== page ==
The Pew Environment Group and Ocean Conservancy commissioned respected scientist Dr. Robert Spies to convene independent Arctic experts to review the U.S. Geological Survey's (USGS) Circular 1370: An Evaluation of the Science Needs to Inform Decisions on Outer Continental Shelf Energy Development in the Chukchi and Beaufort Seas, Alaska.
USGS Circular 1370, released June 23, 2011, was done at the request of Interior Secretary Ken Salazar to “gather the information we need to develop resources in the right places and the right ways.”
The USGS developed more than 50 findings and recommendations, but also recognized overarching themes throughout every topic, including the need for:
In the review commissioned by Pew and Ocean Conservancy , 14 independent Arctic experts commend the USGS for identifying the major gaps in scientific knowledge in an unbiased manner. To address information still missing and to provide a better understanding of the ecosystem as a whole, they call on the administration to take the following steps:
USGS Circular 1370 does not indicate which of the many science gaps are most important to fill, and there are insufficient resources to study all the topics recommended. It is essential to prioritize gaps and design the studies or other scientific activities needed to carry out the USGS recommendations. One area that should be considered a top priority for basic biological research is the population dynamics of species important to the ecosystem and human subsistence, such as seals, walrus, bowhead whales, marine birds and marine fishes.
Basic ecosystem research is the foundation upon which targeted scientific studies and results can bebuilt to provide the information required for decisions concerning offshore oil and gas activities. To keep this foundation solid, the range of existing scientific research and monitoring in Arctic waters should continue and be developed into a comprehensive, fully integrated effort.
Currently available information shows that some areas in the Arctic are biologically and ecologically important, and therefore, the Department of the Interior (DOI) and other appropriate government agencies—the National Oceanic and Atmospheric Administration (NOAA), for example—should make a concerted effort to protect these areas. Important areas include Hanna Shoal, Ledyard Bay and Barrow Canyon and unique habitats such as the Boulder Patch in the Beaufort Sea.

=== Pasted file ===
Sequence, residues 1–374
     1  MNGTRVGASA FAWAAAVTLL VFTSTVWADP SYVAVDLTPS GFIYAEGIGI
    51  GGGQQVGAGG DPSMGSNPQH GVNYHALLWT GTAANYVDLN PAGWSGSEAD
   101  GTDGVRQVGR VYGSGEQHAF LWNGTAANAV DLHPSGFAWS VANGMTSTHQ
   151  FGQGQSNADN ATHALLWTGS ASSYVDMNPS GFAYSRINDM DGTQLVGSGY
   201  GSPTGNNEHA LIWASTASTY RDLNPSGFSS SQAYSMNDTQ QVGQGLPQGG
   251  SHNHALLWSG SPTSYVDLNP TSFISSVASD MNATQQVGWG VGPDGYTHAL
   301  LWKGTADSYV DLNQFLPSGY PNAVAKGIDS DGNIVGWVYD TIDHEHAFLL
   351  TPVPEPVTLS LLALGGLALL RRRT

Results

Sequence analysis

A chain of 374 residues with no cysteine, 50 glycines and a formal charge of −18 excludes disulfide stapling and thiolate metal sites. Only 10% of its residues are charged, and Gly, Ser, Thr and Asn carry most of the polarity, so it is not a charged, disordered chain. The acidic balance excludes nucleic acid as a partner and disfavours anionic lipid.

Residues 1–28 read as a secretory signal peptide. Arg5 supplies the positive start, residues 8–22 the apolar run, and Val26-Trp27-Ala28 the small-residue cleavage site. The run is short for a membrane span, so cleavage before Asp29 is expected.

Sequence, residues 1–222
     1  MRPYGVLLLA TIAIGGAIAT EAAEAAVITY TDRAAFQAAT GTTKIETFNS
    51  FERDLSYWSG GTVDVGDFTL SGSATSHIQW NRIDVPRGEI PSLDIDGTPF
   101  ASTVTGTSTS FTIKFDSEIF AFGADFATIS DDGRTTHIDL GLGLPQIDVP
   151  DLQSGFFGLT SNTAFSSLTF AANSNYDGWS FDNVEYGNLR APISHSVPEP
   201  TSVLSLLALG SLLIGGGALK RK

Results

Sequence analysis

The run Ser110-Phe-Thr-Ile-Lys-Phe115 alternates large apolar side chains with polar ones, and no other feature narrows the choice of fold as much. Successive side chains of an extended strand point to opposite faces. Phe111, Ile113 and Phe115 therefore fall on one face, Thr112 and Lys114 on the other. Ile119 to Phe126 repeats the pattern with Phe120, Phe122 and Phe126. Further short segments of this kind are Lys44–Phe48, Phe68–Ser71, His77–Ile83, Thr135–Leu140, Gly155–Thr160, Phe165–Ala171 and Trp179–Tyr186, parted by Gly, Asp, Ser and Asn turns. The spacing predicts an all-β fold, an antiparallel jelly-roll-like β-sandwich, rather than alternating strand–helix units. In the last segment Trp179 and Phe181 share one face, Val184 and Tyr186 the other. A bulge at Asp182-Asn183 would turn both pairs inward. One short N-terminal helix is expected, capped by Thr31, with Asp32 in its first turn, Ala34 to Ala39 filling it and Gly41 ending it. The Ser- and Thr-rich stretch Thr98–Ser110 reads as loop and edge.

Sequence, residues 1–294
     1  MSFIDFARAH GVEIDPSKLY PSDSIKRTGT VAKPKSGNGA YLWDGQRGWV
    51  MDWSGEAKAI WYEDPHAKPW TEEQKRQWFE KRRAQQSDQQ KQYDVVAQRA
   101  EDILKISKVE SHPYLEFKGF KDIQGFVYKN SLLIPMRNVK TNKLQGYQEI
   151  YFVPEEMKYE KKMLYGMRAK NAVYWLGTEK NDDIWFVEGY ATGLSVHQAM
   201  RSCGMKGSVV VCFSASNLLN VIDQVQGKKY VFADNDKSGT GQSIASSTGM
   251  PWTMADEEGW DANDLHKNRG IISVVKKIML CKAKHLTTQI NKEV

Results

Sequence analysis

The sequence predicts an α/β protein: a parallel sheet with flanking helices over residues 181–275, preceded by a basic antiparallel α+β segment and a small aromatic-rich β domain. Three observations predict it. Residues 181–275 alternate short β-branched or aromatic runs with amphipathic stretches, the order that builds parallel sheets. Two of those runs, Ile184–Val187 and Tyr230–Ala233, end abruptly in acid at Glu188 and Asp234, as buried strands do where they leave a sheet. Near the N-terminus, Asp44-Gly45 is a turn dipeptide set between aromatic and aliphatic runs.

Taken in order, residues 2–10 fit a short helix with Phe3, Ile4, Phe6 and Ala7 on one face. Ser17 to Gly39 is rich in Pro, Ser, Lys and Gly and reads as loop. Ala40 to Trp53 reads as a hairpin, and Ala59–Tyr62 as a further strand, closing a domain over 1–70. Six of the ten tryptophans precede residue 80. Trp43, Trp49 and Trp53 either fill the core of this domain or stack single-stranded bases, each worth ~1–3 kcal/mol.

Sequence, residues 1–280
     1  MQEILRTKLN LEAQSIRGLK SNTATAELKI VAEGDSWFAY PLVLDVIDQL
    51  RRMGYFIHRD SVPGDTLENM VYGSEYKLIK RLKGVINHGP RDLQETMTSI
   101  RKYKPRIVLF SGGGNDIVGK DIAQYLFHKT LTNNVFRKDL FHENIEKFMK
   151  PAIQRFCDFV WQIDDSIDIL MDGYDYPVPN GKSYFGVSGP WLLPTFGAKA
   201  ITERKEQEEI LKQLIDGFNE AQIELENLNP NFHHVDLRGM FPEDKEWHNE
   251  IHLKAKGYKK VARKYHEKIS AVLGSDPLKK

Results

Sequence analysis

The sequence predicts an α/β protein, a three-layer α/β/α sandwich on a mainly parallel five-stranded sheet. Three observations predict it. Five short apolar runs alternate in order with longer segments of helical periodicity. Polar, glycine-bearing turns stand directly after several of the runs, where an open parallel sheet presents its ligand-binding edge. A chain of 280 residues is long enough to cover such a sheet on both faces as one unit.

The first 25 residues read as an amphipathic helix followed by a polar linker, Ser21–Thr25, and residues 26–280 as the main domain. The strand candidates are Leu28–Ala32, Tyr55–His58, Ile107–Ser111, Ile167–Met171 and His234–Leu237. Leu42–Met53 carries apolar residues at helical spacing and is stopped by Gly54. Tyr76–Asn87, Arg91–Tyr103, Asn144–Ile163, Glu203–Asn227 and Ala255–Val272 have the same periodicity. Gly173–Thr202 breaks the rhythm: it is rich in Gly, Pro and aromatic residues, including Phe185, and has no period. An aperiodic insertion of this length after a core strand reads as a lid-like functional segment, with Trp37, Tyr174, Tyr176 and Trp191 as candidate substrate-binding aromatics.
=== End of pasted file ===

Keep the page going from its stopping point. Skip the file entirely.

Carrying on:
Climate change is likely to be the dominant driver of future ecosystem change, and it is important to account for this in the design of a monitoring plan. This requires annual monitoring supported by stable, long-term funding and enhanced planning and coordination. The inclusion of traditional knowledge and local observations of indigenous people would be a valuable addition here, as well as in other activities in this list.
There is a significant lag in the sharing and communicating of scientific study results. For example, some of the areas suggested by USGS for research are being addressed already but the information was apparently unavailable to USGS. A broader, more-integrated effort to manage, consolidate, coordinate and share data is needed, particularly to support synthesis activities that combine the results of different studies or disciplines to answer questions that are beyond the scope of only one study.
There are a number of biological syntheses (combining results of different studies and disciplines to answer questions that are beyond the scope of only one study) under way. When these are completed, the DOI, in cooperation with other federal agencies, should complete a regional ecological synthesis. Integrating knowledge could help address basic questions about oil and gas activity, such as whether, where and when to allow such activities based on the sensitivity of the area and species to development impacts.
Assessing cumulative effects (combined impacts from multiple sources) is essential to informed decision making about oil and gas activities in the Arctic. For example, there is considerable information about the impacts of noise on movements of bowhead whales, but very little is known about the cumulative impacts of many disturbances (e.g., noise, vessel strike, spilled oil) at once, or continuously, as whales migrate through the Arctic Ocean. An assessment of cumulative impacts, beginning with the development of a range of scenarios for industrial activities over the next few decades, should be started as soon as is feasible.
It is important that existing information about the Arctic marine environment is synthesized and interpreted for use by decision makers and the public. If the goal is to inform policy decisions about oil and gas activities in the Arctic with science, then the necessary information and data must be made available in timely and accessible ways.
To actually conserve Arctic resources, true adaptive management must be in place, so that management agencies can revisit policies and decisions on an ongoing basis and change them in response to research and monitoring findings. An examination of decisionmaking processes to determine whether this can be done under existing laws, regulations and procedures would be valuable.
Henry P. Huntington, Ph.D. I Director, Science, Arctic Program I email@example.com